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Adhesive flaps on paper tissue packagings can lead to choking accidents with small children

41/2016, 05.10.2016

BfR advises parents to be careful

Adhesive flaps on the packaging of paper tissues can result in dangerous health impairments or even choking fits if swallowed by infants or toddlers. "In the past ten years, a total of 23 cases where paper tissue adhesive tabs had been swallowed have been reported to the BfR by hospitals, clinics and poisons centres," relates BfR President Professor Dr. Dr. Andreas Hensel. In addition to cases without any symptoms, the health impairments reported ranged from minor breathing complaints to severe, life-threatening respiratory distress. "As a precaution, we therefore advise all parents not to use packagings with adhesive flaps as toys for infants and toddlers".

Because of the rustling noise they make, paper tissue packagings are often given to small children as a toy to play with in their hands or as a distraction. If an adhesive flap is swallowed by a small child, however, it can get stuck in the throat and inhibit breathing. On top of this, because the adhesive flaps are often made of transparent material, it is more difficult for parents or doctors to locate them in the throat. If an adhesive flap is swallowed without impairing breathing, this does not usually pose any problems in the gastrointestinal tract and the flap is excreted by natural means.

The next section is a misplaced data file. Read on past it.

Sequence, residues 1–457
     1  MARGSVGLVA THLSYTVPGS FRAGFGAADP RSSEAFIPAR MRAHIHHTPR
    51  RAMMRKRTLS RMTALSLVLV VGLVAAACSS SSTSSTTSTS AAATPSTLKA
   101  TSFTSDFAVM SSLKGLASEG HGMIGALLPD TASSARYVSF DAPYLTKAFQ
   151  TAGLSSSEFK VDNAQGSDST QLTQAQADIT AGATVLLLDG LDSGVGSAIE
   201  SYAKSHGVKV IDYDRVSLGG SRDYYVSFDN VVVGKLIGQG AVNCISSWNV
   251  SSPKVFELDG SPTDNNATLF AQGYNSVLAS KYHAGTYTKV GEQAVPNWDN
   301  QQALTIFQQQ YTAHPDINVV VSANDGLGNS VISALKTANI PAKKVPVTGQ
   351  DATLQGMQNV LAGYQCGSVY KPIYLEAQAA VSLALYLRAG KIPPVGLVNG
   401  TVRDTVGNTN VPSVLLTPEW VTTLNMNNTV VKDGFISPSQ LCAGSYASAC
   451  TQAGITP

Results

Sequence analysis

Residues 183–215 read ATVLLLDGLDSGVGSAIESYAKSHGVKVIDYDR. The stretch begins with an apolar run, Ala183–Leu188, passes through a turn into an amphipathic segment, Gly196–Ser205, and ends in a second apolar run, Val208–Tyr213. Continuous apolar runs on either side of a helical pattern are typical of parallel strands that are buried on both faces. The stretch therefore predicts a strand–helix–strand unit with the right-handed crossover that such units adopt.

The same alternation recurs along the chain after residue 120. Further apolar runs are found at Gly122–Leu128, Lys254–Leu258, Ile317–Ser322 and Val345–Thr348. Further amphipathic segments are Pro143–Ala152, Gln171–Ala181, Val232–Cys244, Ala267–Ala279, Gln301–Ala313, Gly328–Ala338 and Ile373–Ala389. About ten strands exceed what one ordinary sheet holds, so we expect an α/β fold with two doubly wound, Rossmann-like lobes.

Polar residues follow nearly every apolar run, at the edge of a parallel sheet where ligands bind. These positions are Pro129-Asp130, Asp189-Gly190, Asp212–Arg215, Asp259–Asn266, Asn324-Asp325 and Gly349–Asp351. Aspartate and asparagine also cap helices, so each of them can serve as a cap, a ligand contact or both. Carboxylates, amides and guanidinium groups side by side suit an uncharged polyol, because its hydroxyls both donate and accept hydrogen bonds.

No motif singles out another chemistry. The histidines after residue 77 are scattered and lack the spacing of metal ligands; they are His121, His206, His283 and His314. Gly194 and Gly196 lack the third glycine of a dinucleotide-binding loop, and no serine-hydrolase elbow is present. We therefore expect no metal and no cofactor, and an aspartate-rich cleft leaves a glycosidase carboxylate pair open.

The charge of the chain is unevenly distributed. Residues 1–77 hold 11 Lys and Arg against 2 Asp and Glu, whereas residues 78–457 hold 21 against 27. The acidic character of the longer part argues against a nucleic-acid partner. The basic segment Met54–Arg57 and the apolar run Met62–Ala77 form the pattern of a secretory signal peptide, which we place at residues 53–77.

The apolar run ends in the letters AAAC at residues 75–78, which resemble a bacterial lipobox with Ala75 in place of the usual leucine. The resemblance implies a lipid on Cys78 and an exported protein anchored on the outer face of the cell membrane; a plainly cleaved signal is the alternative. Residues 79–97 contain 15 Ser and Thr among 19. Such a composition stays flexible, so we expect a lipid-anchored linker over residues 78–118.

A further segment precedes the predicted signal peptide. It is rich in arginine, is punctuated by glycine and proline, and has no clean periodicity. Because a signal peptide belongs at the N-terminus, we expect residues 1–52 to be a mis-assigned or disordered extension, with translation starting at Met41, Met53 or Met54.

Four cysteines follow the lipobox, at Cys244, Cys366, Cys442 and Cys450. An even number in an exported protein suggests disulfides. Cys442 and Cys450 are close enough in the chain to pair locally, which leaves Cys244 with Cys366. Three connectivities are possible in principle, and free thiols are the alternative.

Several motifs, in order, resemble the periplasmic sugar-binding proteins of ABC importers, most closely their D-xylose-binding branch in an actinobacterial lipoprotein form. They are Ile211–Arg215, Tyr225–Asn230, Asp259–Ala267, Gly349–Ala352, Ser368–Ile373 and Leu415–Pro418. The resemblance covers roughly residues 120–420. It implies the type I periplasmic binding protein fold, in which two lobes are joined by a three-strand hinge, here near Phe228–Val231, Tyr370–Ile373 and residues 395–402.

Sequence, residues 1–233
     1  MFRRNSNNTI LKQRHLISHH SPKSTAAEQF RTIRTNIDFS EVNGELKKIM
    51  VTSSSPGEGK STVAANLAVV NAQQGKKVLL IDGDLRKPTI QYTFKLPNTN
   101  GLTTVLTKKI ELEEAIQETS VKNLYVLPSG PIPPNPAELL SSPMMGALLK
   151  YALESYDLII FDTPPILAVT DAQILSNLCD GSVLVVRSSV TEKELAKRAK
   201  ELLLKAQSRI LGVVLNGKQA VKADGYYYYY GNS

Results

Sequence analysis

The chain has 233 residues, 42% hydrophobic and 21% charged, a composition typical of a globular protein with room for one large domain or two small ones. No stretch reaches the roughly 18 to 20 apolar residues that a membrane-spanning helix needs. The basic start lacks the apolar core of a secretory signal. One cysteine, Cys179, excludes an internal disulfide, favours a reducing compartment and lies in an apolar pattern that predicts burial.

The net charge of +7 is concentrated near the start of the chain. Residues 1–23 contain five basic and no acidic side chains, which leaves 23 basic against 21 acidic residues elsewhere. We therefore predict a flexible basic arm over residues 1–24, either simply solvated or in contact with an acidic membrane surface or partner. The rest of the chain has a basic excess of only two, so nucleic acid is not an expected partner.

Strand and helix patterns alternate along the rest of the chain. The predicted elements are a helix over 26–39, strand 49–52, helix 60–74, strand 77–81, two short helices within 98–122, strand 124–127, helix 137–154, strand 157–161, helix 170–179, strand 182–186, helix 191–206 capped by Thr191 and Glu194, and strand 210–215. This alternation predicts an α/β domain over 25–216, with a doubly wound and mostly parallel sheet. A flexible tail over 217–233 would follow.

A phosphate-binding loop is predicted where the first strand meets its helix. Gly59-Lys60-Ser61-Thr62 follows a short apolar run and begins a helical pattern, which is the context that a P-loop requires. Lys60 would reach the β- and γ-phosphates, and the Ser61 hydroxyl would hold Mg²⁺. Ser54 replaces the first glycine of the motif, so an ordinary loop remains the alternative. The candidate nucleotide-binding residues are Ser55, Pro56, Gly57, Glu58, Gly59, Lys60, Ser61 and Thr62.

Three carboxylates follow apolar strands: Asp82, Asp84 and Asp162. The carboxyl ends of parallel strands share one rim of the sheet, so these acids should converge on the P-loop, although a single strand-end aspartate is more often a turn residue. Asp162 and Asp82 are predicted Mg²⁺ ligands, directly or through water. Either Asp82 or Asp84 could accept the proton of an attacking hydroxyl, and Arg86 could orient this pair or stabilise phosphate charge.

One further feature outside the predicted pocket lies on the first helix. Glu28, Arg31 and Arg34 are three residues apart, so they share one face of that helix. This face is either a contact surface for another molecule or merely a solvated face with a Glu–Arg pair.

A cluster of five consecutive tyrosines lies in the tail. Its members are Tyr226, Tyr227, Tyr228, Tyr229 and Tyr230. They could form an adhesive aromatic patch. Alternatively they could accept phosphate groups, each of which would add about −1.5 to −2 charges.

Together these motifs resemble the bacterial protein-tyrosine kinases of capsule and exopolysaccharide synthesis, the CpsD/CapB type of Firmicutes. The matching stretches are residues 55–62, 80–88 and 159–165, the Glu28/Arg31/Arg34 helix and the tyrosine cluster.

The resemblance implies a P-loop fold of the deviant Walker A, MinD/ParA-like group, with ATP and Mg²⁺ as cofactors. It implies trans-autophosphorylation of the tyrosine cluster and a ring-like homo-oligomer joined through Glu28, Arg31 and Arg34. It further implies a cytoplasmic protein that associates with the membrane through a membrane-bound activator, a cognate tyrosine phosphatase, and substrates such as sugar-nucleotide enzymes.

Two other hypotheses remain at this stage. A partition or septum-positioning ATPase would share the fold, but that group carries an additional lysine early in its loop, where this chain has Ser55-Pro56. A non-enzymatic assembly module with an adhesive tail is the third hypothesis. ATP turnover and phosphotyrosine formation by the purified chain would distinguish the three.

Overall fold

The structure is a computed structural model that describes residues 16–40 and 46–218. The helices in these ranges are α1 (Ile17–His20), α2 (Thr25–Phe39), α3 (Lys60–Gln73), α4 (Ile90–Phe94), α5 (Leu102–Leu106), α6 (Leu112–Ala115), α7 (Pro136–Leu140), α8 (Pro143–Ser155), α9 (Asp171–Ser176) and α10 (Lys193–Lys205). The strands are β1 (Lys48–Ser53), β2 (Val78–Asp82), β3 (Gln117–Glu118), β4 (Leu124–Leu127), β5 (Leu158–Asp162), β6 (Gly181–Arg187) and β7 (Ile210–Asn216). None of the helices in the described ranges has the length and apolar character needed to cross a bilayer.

Important tips and information on cases of poisoning and choking among infants and toddlers are contained in the BfR brochure "Risk – Poisoning Accidents Involving Children" PDF-File (1.3 MB)

The free BfR app "Poisoning Accidents with Children" contains on-the-spot first aid measures in the event of poisoning or choking accidents:

About the BfR

The German Federal Institute for Risk Assessment (BfR) is a scientifically independent institution within the portfolio of the Federal Ministry of Food and Agriculture (BMEL) in Germany. It advises the Federal Government and Federal Laender on questions of food, chemical and product safety. The BfR conducts its own research on topics that are closely linked to its assessment tasks.

This text version is a translation of the original German text which is the only legally binding version.




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